The light-dependent reaction
Light-dependent photosynthesis produces ATP, Reduced NADP and oxygen
Stage 1:Light energy excites electrons in chloroph
- Light energy is absorbed by PS2.
- The light energy excites electrons in chlorophyll.
- The electrons move to a higher energy level (i.e they have more energy).
- These high-energy electrons move along the electron transport chain to PS1.
Stage 2: Photolysis of water produces protons (H+
- As the excited electrons from chlorophyll leave PS2 to move along the electron transport chain, they must be replaced.
- Light energy splits water into protons (H+ ions), electrons and oxygen.
Stage 3: Energy from the excited electrons makes A
- The excited electrons lose energy as they move along the electron transport chain.
- This energy is used to transport protons into the thylakoid so that the thylakoid has a higher concentration of protons than the stroma. This forms a proton gradient across the membrane.
- Protons move down their concentration gradient, into the stroma, via an enzyme called ATP synthase. The energy from this movement combines ADP and Pi to form ATP.
Stage 4:Energy from the excited electrons generate
- Light energy is absorbed by PS1, which excites the electrons again to an even higher energy level.
- Finally, the electrons are transferred to NADP, along with a proton (H+ ion) from the stroma, to form reduced NADP.
The Light-Independent reaction is also called the
- The Calvin Cycle takes place in the stroma of the chloroplasts.
- It makes a molecule called triose phosphate from carbon dioxide and RuBP (a 5-carbon compound). Triose phosphate can be used to make glucose and other useful oranic substances.
- There are a few steps in the cycle, and it needs ATP and H+ ions to keep it going.
- The reactions are linked in a cycle,which means the starting compound, RuBP is regenerated.
Stage 1: Carbon dioxide is combined with RuBP to f
- Carbon dioxide enters the leaf through the stomata and diffuses into the stroma of the chloroplast.
- Here, it is combined with RuBP, a 5-carbon compound. This gives an unstable 6-carbon compound, which quickly breaks down into two molecules of a 3-carbon compound called glycerate 3-phosphate (GP).
- Ribisco (an enzyme) catalyses the reaction between carbon dioxide and RuBP.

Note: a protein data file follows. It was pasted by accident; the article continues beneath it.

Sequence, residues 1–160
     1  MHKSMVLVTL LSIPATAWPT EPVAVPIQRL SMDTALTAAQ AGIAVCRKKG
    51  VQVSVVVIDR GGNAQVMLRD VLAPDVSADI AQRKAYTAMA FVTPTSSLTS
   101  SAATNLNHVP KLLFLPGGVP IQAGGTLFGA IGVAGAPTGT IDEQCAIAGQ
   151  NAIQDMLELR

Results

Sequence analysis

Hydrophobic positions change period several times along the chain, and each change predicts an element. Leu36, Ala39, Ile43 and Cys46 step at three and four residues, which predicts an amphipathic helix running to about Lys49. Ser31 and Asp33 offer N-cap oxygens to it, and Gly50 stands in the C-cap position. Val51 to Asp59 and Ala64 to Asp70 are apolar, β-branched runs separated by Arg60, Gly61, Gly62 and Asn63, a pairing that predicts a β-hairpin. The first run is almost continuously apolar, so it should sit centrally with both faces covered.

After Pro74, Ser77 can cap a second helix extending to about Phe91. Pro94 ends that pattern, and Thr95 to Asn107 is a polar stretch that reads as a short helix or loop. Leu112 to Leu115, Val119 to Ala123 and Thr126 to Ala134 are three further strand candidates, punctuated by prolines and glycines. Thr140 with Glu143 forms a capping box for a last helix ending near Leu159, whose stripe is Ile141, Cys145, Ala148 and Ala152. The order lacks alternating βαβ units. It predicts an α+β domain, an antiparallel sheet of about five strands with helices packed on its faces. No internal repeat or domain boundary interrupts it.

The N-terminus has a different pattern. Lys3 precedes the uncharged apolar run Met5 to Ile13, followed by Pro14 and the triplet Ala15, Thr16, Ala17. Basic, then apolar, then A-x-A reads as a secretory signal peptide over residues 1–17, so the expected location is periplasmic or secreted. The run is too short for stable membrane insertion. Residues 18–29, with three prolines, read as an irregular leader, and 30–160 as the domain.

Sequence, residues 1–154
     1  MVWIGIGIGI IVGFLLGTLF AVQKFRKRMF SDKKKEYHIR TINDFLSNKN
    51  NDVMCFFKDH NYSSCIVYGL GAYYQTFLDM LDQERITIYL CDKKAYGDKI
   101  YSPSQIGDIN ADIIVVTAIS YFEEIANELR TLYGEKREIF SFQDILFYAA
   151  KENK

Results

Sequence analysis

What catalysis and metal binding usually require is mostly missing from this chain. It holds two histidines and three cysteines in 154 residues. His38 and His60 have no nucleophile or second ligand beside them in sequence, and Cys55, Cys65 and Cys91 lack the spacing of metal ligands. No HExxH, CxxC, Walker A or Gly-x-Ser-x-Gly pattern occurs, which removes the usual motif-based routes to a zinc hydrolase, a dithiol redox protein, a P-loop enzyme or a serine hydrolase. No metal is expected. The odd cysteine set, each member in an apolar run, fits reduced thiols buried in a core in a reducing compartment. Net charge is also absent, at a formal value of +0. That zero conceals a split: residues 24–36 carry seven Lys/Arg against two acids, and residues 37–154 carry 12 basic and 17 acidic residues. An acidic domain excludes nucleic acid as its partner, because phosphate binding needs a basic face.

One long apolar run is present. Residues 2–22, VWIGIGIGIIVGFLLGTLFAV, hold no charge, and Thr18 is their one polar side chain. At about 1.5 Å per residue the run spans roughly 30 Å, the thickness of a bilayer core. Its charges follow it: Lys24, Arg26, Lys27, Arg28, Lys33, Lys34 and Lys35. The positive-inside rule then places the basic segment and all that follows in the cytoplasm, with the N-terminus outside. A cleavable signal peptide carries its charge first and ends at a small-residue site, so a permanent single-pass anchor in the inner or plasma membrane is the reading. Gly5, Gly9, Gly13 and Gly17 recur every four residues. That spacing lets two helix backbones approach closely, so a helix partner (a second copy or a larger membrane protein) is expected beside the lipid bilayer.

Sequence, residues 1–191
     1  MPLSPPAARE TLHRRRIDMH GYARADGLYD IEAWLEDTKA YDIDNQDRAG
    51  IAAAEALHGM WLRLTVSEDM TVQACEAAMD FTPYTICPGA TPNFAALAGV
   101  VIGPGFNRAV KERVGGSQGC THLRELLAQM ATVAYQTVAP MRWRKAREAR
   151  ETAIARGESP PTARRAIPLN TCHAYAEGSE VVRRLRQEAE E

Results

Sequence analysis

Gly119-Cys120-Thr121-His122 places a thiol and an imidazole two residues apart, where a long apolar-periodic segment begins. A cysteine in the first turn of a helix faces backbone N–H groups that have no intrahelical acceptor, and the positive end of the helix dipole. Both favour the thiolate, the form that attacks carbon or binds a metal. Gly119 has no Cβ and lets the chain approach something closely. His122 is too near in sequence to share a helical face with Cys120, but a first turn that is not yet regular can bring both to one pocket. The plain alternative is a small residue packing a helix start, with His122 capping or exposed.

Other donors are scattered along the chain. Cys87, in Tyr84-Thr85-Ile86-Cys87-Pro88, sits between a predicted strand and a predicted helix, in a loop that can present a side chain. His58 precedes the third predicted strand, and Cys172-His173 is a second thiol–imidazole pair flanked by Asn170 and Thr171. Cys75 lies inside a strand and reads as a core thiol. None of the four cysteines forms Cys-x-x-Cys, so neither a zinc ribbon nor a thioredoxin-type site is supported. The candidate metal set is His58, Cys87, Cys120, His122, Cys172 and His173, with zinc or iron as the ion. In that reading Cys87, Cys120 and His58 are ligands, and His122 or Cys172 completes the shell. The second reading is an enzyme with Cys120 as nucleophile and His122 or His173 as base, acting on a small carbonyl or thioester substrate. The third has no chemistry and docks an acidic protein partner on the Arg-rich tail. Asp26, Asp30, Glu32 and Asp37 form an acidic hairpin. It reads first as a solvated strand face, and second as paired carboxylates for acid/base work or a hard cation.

Stage 2: ATP and reduced NADP are required for the
- Now ATP, from the light-dependent reaction, provides energy to turn the 3-carbon compound, GP, into a different compound called triose phosphate (TP).
- This reaction also requires H+ ions, which come from reduced NADP (also from the light-dependent reaction.) Reduced NADP is recycled to NADP.
- Triose phosphate is then convertred into many useful organic compounds. e.g glucose.
Stage 3: Ribulose biphosphate is regenerated
- Five out of every six molecules of TP produced in the cycle aren't used to make hexose sugars, but to regenerate RuBP.
- Regenerating RuBP uses the rest of ATP produced by the light-dependent reaction.
TP and GP are converted into useful organic substa
The Calvin Cycle is the starting point for making all the organic substances that a plant needs. TP and GP are molecules needed to make carbohydrates,lipids and proteins.
- Carbohydrates - hexose sugars, like glucose, are made by joining two triose phosphate molecules together and larger carbohydrates (e.g sucrose, starch and cellulose) are made by joining hexose sugars together in different ways.
- Lipids- these are made using glycerol, which is synthesised from triose phosphate, and fatty acids, which are synthesised from glycerate 3-phosphate.
- Proteins - some amino acids are made from glycerate 3-phosphate, which are joined together to make proteins.
The Calvin Cycle needs to turn six times to make o
Here's the reason why:
- Three turns of the cycle produces six molecules of triose phosphate (TP), because two molecules of TP are made for every CO2 molecule used.
- Five out of six of these TP molecules are used to regenerate RuBP.
- This means that for three turns of the cycle only one TP molecule that can be used to make a hexose sugar is produced.
- A hexose sugar has six carbons though, so two TP molecules are needed to form one hexose sugar.
- This means the cycle must turn six times to produce two molecules of TP that can be used to make one hexose sugar.
- Six turns of the cycle need 18 ATP and 12 reduced NADP from the light-dependent reaction.
- This might seem a bit inefficient, but it keeps the cycle going and makes sure that there is always enough RuBP ready to combine with CO2 taken in the atmosphere.